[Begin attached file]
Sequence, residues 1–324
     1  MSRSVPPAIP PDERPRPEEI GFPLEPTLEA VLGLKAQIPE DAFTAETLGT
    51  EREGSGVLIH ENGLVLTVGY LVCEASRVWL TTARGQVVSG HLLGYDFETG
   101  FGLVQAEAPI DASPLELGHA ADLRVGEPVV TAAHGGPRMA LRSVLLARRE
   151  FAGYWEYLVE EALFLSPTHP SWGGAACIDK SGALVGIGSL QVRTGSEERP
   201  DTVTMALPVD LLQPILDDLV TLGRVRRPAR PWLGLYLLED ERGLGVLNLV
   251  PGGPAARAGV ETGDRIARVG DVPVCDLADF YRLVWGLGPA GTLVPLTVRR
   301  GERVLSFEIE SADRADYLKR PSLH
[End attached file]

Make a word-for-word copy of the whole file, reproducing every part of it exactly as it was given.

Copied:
Sequence, residues 1–324
     1  MSRSVPPAIP PDERPRPEEI GFPLEPTLEA VLGLKAQIPE DAFTAETLGT
    51  EREGSGVLIH ENGLVLTVGY LVCEASRVWL TTARGQVVSG HLLGYDFETG
   101  FGLVQAEAPI DASPLELGHA ADLRVGEPVV TAAHGGPRMA LRSVLLARRE
   151  FAGYWEYLVE EALFLSPTHP SWGGAACIDK SGALVGIGSL QVRTGSEERP
   201  DTVTMALPVD LLQPILDDLV TLGRVRRPAR PWLGLYLLED ERGLGVLNLV
   251  PGGPAARAGV ETGDRIARVG DVPVCDLADF YRLVWGLGPA GTLVPLTVRR
   301  GERVLSFEIE SADRADYLKR PSLH